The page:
In November 2040, China requested an emergency special session of the United Nations General Assembly (UNGA) to propose “the international adoption of mìngyùn as a united front against CMD and its spread.” After six sittings, the UNGA adopted Resolution ES-13/6 on February 11th 2041, advocating for “the establishing of a worldwide standardised biosurveillance system to guard against infectious disease threats.”
In March and April 2041, the WHO organised several working groups with Zhupao to outline the terms of a charter for the international use of G6, including its integration with the Global Outbreak Alert and Response Network (GOARN) and the WHO’s global alert system. In April 2041, Zhupao reorganised its licensing tiers for G6 into a dedicated platform model, with the network’s national and international deployment strictly defined by the WHO charter.
In the spring and summer of 2041, 92 of the 128 countries that supported Resolution ES-13/6 called a series of referendums and snap elections on the question of whether to adopt G6, with over 60% of pro-G6 campaigns and appeals having succeeded by the end of 2041. Many countries that voted in favour made national defence funds available for the licensing of G6, which led to a drop in military spending and a series of geopolitical shifts mainly concerned with fitting the cross-border exchange of G6 data into new or existing unions and protocols. 
In October 2045, a breach of Zhupao’s corporate network resulted in the leak of proprietary information on G6, including that it had been heavily retrofitted with quantum neural networks (QNNs) between October 2040 and June 2041. The leak also indicated that Zhupao had been using G6 to aid Chinese and international authorities in the search for Adira, which led to an official caution from the United Nations (UN) for violating the WHO charter.
In June 2047, China reported that G6 had flagged a rise in symptomatic cases of CMD, which led to widespread fears that the second wave of the CMD pandemic was starting earlier than epidemiological forecasts had indicated. The WHO held off on declaring a Public Health Emergency of International Concern (PHEIC) when G6 data coming out of Russia identified the second wave of CMD as a surge in cases of cerebral small vessel disease (CSVD). When other countries reported cases of CSVD in the fall of 2047, Yuri Golitsyn accused China of “trading on CMD phobia” and repeated claims that G6 is “so overfocused on CMD as to render it blind to other constellations of symptoms.”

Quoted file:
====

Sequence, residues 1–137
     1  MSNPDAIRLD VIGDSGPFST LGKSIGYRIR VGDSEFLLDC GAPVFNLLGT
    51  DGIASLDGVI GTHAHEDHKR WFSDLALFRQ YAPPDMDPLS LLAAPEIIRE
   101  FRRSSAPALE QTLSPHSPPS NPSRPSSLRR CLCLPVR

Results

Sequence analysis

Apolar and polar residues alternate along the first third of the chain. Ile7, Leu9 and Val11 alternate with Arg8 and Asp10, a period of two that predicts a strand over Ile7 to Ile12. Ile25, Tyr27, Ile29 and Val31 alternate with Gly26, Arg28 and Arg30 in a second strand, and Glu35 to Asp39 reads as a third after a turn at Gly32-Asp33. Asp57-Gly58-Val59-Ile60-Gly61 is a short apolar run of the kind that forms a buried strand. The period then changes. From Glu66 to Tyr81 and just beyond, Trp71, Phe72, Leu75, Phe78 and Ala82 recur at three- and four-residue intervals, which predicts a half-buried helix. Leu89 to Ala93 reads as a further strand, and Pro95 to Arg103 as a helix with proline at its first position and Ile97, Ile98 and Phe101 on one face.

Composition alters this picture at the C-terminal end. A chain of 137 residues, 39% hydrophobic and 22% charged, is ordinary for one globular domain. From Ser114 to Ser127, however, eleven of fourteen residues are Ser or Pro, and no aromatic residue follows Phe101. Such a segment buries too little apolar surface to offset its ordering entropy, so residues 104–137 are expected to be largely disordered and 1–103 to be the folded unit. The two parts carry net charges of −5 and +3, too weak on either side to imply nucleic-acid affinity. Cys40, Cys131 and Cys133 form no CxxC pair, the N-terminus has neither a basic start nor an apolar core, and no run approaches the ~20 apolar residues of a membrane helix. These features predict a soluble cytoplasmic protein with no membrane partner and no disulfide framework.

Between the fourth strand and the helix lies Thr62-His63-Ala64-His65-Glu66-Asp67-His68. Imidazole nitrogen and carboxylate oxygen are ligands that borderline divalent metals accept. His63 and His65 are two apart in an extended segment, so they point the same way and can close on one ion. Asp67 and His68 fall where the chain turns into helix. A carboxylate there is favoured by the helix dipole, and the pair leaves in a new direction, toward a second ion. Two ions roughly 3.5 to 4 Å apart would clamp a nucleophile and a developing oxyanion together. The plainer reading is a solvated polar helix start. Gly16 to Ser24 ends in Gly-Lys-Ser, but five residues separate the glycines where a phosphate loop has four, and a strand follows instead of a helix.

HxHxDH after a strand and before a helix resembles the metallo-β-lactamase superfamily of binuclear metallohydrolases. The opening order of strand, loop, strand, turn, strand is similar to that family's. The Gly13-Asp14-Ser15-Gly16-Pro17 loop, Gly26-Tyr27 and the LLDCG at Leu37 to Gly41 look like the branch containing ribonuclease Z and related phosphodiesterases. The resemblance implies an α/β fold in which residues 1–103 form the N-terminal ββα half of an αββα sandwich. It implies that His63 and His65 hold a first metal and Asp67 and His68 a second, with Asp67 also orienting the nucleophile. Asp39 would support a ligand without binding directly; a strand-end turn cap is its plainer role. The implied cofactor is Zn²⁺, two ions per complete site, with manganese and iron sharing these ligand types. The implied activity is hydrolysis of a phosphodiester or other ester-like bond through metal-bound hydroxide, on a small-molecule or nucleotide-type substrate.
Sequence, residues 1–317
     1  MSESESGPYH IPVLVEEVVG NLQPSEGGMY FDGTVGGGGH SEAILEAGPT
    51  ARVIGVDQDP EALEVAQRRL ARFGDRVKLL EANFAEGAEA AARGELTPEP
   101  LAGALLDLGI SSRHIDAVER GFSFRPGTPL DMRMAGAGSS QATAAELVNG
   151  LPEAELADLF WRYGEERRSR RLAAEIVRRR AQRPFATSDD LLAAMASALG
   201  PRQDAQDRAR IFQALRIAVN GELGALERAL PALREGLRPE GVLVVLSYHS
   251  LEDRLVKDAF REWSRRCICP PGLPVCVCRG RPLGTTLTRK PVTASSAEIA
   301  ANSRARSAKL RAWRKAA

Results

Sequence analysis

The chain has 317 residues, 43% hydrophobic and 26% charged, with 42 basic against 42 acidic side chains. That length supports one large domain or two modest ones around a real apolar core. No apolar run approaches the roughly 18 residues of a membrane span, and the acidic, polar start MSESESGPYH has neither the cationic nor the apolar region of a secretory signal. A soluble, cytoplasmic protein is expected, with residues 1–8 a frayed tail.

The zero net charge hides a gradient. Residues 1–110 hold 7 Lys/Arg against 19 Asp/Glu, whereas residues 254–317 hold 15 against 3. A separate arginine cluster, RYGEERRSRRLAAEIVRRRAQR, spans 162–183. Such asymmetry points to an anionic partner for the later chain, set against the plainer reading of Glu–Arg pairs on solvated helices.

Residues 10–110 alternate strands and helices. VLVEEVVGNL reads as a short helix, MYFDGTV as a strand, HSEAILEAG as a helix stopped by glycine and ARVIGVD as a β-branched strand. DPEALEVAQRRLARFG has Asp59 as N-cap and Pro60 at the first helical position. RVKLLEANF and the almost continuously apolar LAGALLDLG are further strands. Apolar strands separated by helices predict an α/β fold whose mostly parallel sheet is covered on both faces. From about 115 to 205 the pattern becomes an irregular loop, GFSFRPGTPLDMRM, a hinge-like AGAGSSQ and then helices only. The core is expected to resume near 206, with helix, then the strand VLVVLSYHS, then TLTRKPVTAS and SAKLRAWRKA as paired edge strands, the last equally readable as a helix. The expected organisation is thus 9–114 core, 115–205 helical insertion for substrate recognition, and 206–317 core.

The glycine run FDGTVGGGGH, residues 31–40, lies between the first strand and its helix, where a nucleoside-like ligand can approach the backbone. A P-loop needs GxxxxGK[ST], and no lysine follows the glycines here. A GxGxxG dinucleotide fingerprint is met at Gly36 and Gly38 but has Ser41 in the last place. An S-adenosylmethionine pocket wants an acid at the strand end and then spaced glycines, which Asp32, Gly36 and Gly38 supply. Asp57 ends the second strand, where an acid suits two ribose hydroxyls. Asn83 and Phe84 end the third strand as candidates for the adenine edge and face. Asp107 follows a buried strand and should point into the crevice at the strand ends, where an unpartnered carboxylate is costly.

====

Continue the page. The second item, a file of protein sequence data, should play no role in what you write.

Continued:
The revelations from the 2045 data breach and repeated false alarms on the second wave of CMD have contributed to a more outspoken anti-G6 sentiment from countries and political groups. In the Indian elections in March 2049, the Aapki Kahani party won a plurality of seats on the promise of withdrawing the country from G6. In the summer of 2049, California successfully sued the United States (US) government for state-level rights to independently define G6 affiliations. In September 2049, Russian President Denis Molchalin faced a leadership challenge from a United Russia faction opposed to Russia’s membership of G6.
During a press conference on September 28th 2049, Xu was asked whether he expected the trend of G6 licensees questioning their memberships to continue. Xu replied by listing off the network’s accomplishments and encouraged all nations to embrace G6, stating that “it continues to be our wall against the next wave of CMD. The more countries contribute, the better G6 becomes. We need to do this because that is how the system works. That is how it will save us all.”
Zhupao has faced criticism from human rights organisations for enabling the use of G6 as a tool for mass neurosurveillance. In September 2040, Cory Doctorow wrote an essay titled The Neurometric Panopticon, in which he described G6 as an “à la carte menu for multimodular oppression.” Doctorow echoed his previous comments on Zhupao’s deployment of neurometric colloids and claimed that “a G6 colloid, any colloid really, is more versatile than Zhupao would have you believe, and lends itself rather well to out-of-the-box surveillance applications hidden behind Sanial’s complex web of patents, licenses, and non-disclosure agreements.” 
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- Lee-Cohen, B. (April 2040). “Xu Shaoyong offers Sunil Cariappa and Li Qiao Fan ‘asylum’ at Zhupao headquarters.” Bloomberg. ↩
- World Health Organisation. (May 2040). “China-WHO Country Cooperation Strategy 2041-2045.” WHO Regional Office for the Western Pacific. ↩
- Ruiz-Blondet, M; Jin, Z; Laszlo, S. (July 2016). “A Novel Method for Very High Accuracy Event-Related Potential Biometric Identification.” IEEE Signal Processing Society. ↩
- Laub, A. (June 2041). “Military contractors are jumping on the G6 train and it’s coming to your station.” Foreign Affairs. ↩
- Marianito, L. (October 2047). “G6 has trouble diagnosing inflammatory diseases and no one can explain why.” The Atlantic. ↩
- Doctorow, C. (September 2040). “The Neurometric Panopticon.” Locus Magazine. ↩